a new, online multimedia
presentation. Check out a future
Mars airplane concept or float
around the International Space
Station. Fly alongside a new hypersonic vehicle or survey the
Earth from space. NASA’s future is yours. (Full Story)
today
Space Science
More About NASA:
Doing Business with NASA
Educational Resources
Freedom of Information Act
History
News and Information
Project Home Page
The NASA web
@nasa.gov
Interested in the latest
information NASA has to offer?
Then take a look at
[email protected] This on-line
newsletter, updated daily,
contains the latest news about
NASA science and technology.
Author: Brian Dunbar
Research Opportunities
NASA’s Future: Online
Multimedia Presentation
Spring Storms Rouse
Uranus from Winter
Hibernation
Curator: Sudha V. Chudamani
Comments and Questions
Focus on Viewing and Representing
Copyright © by Holt, Rinehart and Winston. All rights reserved.
Chapter Menu
197
Chapter Menu
Clicking on a hyperlink in the index will take you to another
page that contains more information on that subject; it can also take
you to a page that contains another, more specific index.
Making good predictions about the hyperlinks in an index can
help you narrow the number of links to explore. After all, when you
have a question, you want to get the answer as soon as possible. To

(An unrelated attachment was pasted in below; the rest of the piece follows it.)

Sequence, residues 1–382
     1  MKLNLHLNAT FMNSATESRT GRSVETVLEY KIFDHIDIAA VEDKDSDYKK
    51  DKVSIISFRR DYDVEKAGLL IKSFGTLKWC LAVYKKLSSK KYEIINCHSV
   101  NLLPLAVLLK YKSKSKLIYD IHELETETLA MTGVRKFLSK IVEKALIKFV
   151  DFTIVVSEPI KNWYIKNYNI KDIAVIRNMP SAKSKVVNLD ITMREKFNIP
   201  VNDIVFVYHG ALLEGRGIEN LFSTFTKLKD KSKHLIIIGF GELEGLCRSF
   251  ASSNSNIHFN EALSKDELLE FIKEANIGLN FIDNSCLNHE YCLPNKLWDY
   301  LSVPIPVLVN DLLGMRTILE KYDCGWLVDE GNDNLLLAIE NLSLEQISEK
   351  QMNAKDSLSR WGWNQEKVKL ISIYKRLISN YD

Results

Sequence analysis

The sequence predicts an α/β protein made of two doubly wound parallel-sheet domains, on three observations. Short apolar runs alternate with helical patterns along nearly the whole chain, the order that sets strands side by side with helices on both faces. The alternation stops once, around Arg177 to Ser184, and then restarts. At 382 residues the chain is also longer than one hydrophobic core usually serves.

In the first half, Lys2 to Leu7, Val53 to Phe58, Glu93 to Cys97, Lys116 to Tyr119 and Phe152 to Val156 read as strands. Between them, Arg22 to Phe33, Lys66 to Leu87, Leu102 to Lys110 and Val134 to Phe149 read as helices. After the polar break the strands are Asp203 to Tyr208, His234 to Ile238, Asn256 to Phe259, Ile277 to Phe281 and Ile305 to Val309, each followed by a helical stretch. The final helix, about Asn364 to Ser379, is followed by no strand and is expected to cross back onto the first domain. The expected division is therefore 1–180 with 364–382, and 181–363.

make predictions about where the hyperlinks in an index will take
you, follow these steps.
■ Read each hyperlink in the index.
■ Ask yourself if the information you want could logically fit in the
category of the hyperlink.
■ If your answer is “yes,” explore the link until you find your answer.
If you run into a dead end, go back to the home page and try another link.
For example, a student who wanted biographical information
about former astronaut Alan Shepard visited the NASA home page
that appears on the previous page. He studied the home page index
and decided to explore two hyperlinks, “Human Exploration and
Development of Space” and “History.” Both of these links seem as if
they might contain information about Alan Shepard. However, after
clicking on the “Human Exploration and Development” link, the
student found that it only led to a page that explained NASA’s purpose. He then returned to the home page and clicked on the “History” link, which eventually led him to a page with a link to
astronaut biographies.
Interpreting Information
from a Web Site
Use the NASA home page on page 197 to complete the following.
1. If you were trying to find information on how NASA began, which
hyperlink(s) would you follow? Why?
2. If you wanted to find general information about space, which two
links might you follow? Why?
198
Chapter 5
Exposition: Finding and Reporting Information
Chapter Menu
Copyright © by Holt, Rinehart and Winston. All rights reserved.
Chapter Menu
CHAPTER
Choices
Choose one of the following activities to complete.
CAREERS
1. Get a Job! Pick a career you